Hiking Essential Equipment
Hiking Ten Essentials
Ten or nine or fifteen, the actual number doesn't really matter but there is some equipment used for hiking that everyone really, really, really needs to have whenever they step outside. I would even say you should have most of these things with you whenever you are more than 5 minutes from home.
- Common Sense - well, not in my fanny, but with me at all times. :-) Good judgment saves more people than any equipment. Poor judgment kills. If dark clouds are approaching, go home. If your heel feels hot, stop hiking. Obey signs and guidelines and think about what you are going to do before you do it.
The word "touron" is used by National Park employees - it is a combination of "tourist" and "moron" - don't be one.
This includes having your trek plan and leaving a copy of it with a friend at home.
- Pack - I get all my stuff into a fanny pack, except for my water. You may choose a bigger pack instead, but make sure it is good quality and comfortable.
- Map & Compass - Whether you've been on this trail 50 times or this is your first, there is always a chance of getting lost. Unexpected injuries, bad weather, a closed trail, wild animals may all require an immediate change in route.
A compass is not like an insurance policy - just having it does you no good. You have to know how to use it properly along with reading your map correctly so you can stay on course or get back on course. Having just a compass or just a map is not good enough; treat them as a single team.
- Water - One quart of water weighs 2 pounds. That's why so many people don't bring enough water on hikes. But, you need at least 3 quarts per day. It's a good idea to drink plenty of water before your hike to get your body well hydrated.
Many people carry Nalgene bottles - practically indestructible plastic bottles in any color you can imagine. A hydration system that carries water on your back, such as Camelbak, is a popular, flexible way to take water along. I prefer carrying two bota bags because I can carry them many different ways and they are still flexible and inexpensive.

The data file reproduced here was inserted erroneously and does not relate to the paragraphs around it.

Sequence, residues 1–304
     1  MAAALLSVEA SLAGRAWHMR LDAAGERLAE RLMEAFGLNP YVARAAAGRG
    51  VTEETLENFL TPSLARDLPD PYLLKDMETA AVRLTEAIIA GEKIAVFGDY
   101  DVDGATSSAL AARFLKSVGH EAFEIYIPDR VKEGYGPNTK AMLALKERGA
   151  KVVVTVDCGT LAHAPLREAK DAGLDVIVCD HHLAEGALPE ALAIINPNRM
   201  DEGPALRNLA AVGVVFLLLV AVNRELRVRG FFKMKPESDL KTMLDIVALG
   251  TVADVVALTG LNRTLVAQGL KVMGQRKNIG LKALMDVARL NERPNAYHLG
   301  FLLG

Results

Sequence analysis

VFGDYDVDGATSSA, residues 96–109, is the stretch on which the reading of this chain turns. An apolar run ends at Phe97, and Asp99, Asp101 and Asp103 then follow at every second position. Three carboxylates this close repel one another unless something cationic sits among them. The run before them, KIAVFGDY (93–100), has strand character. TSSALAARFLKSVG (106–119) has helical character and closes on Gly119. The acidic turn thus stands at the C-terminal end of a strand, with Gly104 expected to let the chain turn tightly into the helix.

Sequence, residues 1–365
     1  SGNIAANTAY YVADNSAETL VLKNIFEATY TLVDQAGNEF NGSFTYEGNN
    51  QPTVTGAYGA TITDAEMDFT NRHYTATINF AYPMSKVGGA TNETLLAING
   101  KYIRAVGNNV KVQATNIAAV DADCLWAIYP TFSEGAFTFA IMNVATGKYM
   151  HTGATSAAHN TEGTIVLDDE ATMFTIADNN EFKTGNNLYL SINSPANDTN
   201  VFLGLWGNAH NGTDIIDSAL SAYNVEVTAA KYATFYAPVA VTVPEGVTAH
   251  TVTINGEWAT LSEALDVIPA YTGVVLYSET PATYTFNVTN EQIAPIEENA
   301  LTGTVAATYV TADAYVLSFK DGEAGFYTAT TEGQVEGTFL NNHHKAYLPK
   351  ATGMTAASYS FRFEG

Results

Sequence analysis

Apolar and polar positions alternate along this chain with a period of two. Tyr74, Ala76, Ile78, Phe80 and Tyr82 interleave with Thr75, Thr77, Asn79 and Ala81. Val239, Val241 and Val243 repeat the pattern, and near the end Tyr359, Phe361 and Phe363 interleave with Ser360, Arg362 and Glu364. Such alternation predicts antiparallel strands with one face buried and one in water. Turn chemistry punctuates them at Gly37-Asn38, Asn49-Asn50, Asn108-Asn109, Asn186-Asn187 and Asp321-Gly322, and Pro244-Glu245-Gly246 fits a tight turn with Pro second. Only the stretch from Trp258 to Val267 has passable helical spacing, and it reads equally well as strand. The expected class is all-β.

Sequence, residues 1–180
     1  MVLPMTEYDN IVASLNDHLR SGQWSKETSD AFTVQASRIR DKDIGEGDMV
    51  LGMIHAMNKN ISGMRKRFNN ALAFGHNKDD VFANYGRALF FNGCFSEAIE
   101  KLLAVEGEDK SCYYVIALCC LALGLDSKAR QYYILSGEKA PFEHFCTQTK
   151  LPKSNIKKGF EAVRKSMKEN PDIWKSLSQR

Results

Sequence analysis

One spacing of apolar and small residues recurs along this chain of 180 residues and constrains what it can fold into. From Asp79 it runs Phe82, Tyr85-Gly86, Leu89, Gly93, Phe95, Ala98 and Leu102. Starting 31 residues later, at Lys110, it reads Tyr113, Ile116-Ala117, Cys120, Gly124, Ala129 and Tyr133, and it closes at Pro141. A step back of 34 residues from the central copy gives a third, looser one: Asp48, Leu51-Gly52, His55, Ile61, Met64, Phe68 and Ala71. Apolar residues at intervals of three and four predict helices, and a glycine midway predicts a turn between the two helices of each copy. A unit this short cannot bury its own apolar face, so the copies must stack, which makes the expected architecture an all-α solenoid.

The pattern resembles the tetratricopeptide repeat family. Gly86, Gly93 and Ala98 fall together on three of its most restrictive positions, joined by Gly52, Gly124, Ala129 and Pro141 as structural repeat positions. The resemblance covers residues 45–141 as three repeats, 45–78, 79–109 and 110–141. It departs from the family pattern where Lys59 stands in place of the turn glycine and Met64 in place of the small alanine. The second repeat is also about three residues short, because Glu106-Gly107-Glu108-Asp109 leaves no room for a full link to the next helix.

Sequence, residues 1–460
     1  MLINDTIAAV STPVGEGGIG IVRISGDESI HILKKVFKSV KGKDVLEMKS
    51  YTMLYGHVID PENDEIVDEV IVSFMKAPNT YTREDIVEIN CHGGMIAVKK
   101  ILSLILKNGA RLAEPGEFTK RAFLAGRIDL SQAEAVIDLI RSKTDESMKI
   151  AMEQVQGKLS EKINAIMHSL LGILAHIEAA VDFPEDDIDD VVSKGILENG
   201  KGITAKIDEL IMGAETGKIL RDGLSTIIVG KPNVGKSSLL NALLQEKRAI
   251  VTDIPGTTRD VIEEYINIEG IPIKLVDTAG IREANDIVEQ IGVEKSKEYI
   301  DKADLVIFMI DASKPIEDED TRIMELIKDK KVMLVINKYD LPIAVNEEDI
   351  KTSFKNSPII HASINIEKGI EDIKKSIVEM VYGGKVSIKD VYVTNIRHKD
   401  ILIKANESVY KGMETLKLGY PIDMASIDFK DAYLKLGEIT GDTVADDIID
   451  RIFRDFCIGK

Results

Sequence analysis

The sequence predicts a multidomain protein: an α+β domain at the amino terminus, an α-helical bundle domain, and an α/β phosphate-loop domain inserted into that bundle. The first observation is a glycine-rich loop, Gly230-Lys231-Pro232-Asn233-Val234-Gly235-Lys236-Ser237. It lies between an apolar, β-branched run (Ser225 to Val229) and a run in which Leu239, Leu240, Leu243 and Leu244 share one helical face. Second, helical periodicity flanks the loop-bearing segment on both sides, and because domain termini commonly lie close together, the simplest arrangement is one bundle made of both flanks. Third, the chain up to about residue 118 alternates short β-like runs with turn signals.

If you know there is a potable water source on your route, you can plan a refill there. Or, take along a lightweight water filter to collect water from a lake or stream.
- Flashlight - Even if you start hiking at 6:00am and will be finished by 11:00am, still take your flashlight. An injury or bad weather can easily keep you out through the night. LED headlamps are very bright, very small, inexpensive, and last a long time.
- Food - Your body will expend lots of energy hauling you all over the hills. Continually snacking throughout the hike is a good way to keep the tank full and the motor running. If you wait to drink when you feel thirsty and wait to eat when you feel hungry, your body will already be in need. It's better to drink and eat a bit often throughout the day to stay strong.
High energy, compact foods are good choices because they take up little space. You should carry at least 2000 calories of food. See my hiking food page for more information.
- Raingear & Clothes - A $5.00 plastic poncho is fine for quick protection from a passing thunderstorm. If you are a summer hiker at low elevations, then that's probably all you need for raingeer. But, I hike in the mountains and rain can feel more like ice up there and the implications of not being prepared can be deadly. I always take a good raincoat with hood and rain pants. I can wear the extra layer to stay warm when the temperature drops, to stay dry in fog and dampness, and to shed rain or snow. The pants are critical and often overlooked.
Extra clothes need to be kept dry so you should put them in a big ziploc. Include at least a hat, pair of socks, polypropylene long underpants and undershirt. Avoid cotton clothes. See the hiking clothes page for details on clothes to wear and take.